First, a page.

|Oracle® Database Administrator's Guide
11g Release 2 (11.2)
Part Number E17120-05
You can alter the availability of a database. You may want to do this in order to restrict access for maintenance reasons or to make the database read only. The following sections explain how to alter the availability of a database:
When you need to perform specific administrative operations, the database must be started and mounted to an instance, but closed. You can achieve this scenario by starting the instance and mounting the database.
ALTER DATABASE MOUNT;
See Also:"Starting an Instance and Mounting a Database" for a list of operations that require the database to be mounted and closed (and procedures to start an instance and mount a database in one step)
ALTER DATABASE OPEN;
After executing this statement, any valid Oracle Database user with the
CREATE SESSION system privilege can connect to the database.
Opening a database in read-only mode enables you to query an open database while eliminating any potential for online data content changes. While opening a database in read-only mode guarantees that datafile and redo log files are not written to, it does not restrict database recovery or operations that change the state of the database without generating redo. For example, you can take datafiles offline or bring them online since these operations do not affect data content.
If a query against a database in read-only mode uses temporary tablespace, for example to do disk sorts, then the issuer of the query must have a locally managed tablespace assigned as the default temporary tablespace. Otherwise, the query will fail. This is explained in "Creating a Locally Managed Temporary Tablespace".
ALTER DATABASE OPEN READ ONLY;
You can also open a database in read/write mode as follows:
ALTER DATABASE OPEN READ WRITE;
However, read/write is the default mode.
Note:You cannot use the
RESETLOGSclause with a
An application must not write database objects while executing against a read-only database. For example, an application writes database objects when it inserts, deletes, updates, or merges rows in a database table, including a global temporary table. An application writes database objects when it manipulates a database sequence. An application writes database objects when it locks rows, when it runs
EXPLAIN PLAN, or when it executes DDL. Many of the functions and procedures in Oracle-supplied PL/SQL packages, such as
DBMS_SCHEDULER, write database objects. If your application calls any of these functions and procedures, or if it performs any of the preceding operations, your application writes database objects and hence is not read-only.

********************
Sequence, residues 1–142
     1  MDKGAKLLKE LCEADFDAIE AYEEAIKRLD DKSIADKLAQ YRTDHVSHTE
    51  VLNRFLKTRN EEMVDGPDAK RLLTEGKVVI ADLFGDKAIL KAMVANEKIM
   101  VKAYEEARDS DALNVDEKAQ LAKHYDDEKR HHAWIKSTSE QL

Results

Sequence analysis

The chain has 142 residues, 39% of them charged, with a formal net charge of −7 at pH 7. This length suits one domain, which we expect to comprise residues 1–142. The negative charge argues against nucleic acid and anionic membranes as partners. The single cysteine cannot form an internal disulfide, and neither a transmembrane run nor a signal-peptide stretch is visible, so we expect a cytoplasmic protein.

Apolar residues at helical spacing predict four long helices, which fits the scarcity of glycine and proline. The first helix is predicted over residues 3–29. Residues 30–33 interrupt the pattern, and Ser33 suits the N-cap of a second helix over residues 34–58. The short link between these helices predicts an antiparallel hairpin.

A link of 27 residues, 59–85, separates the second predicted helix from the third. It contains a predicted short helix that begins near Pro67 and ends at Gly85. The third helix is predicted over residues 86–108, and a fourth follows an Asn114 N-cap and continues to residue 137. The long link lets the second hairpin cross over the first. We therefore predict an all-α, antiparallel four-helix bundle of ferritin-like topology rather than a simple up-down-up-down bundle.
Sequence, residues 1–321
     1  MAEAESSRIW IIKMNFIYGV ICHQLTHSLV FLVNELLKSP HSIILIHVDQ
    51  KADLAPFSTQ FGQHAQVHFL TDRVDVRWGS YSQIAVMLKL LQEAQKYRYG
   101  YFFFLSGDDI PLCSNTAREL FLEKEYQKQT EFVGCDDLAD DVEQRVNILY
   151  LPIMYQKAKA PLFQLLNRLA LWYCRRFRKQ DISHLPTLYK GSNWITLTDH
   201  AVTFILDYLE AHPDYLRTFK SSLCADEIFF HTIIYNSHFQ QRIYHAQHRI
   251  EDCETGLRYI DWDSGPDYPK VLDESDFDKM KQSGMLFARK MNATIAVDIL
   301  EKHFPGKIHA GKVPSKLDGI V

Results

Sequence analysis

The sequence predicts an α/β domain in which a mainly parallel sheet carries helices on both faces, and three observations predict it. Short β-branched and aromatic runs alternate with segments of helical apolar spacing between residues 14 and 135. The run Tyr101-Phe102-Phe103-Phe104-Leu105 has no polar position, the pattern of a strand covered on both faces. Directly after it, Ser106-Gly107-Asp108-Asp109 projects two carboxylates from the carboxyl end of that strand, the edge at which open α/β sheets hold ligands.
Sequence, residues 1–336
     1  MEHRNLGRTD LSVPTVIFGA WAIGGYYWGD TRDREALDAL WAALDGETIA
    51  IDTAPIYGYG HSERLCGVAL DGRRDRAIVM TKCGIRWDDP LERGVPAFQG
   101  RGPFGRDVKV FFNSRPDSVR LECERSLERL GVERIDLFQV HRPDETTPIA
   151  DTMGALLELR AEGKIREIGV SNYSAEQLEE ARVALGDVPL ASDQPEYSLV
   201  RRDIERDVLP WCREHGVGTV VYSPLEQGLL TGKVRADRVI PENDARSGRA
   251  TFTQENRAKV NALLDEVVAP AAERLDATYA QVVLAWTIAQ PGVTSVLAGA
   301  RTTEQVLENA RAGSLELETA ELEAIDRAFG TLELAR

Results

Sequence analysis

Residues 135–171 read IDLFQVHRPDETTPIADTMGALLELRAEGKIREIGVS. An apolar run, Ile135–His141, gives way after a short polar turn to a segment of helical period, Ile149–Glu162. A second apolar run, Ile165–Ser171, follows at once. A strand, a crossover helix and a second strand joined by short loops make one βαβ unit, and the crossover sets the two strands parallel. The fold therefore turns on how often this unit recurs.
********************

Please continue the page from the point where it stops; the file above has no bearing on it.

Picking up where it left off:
When executing on a read-only database, you must commit or roll back any in-progress transaction that involves one database link before you use another database link. This is true even if you execute a generic
SELECT statement on the first database link and the transaction is currently read-only.
You cannot compile or recompile PL/SQL stored procedures on a read-only database. To minimize PL/SQL invalidation because of remote procedure calls, use
REMOTE_DEPENDENCIES_MODE=SIGNATURE in any session that does remote procedure calls on a read-only database.
You cannot invoke a remote procedure (even a read-only remote procedure) from a read-only database if the remote procedure has never been called on the database. This limitation applies to remote procedure calls in anonymous PL/SQL blocks and in SQL statements. You can either put the remote procedure call in a stored procedure, or you can invoke the remote procedure in the database prior to it becoming read only.
See Also:Oracle Database SQL Language Reference for more information about the
To place an already running instance in restricted mode, use the SQL statement
ALTER SYSTEM with the
ENABLE RESTRICTED SESSION clause. After this statement successfully completes, only users with the
SESSION privilege can initiate new connections. Users connecting as
SYSDBA or connecting with the
DBA role have this privilege.
Placing a running instance in restricted mode has the following affect on current sessions:
In a single-instance environment without Oracle Restart, no user sessions are terminated or otherwise affected. Therefore, after placing an instance in restricted mode, consider killing (terminating) all current user sessions before performing administrative tasks.
In a single-instance environment with Oracle Restart, any database services that are being managed by Oracle Restart go offline, and any sessions connected to those services are killed (terminated). The standard database service for the instance, named
DB_DOMAIN, does not go offline because it is not managed by Oracle Restart.
In an Oracle Real Application Clusters environment, any database services that are running on the instance and managed by Oracle Clusterware go offline for that instance, and any sessions connected to those services at that instance are killed. The standard database service for the instance (
DB_DOMAIN) does not go offline.
To lift an instance from restricted mode, use
ALTER SYSTEM with the
DISABLE RESTRICTED SESSION clause.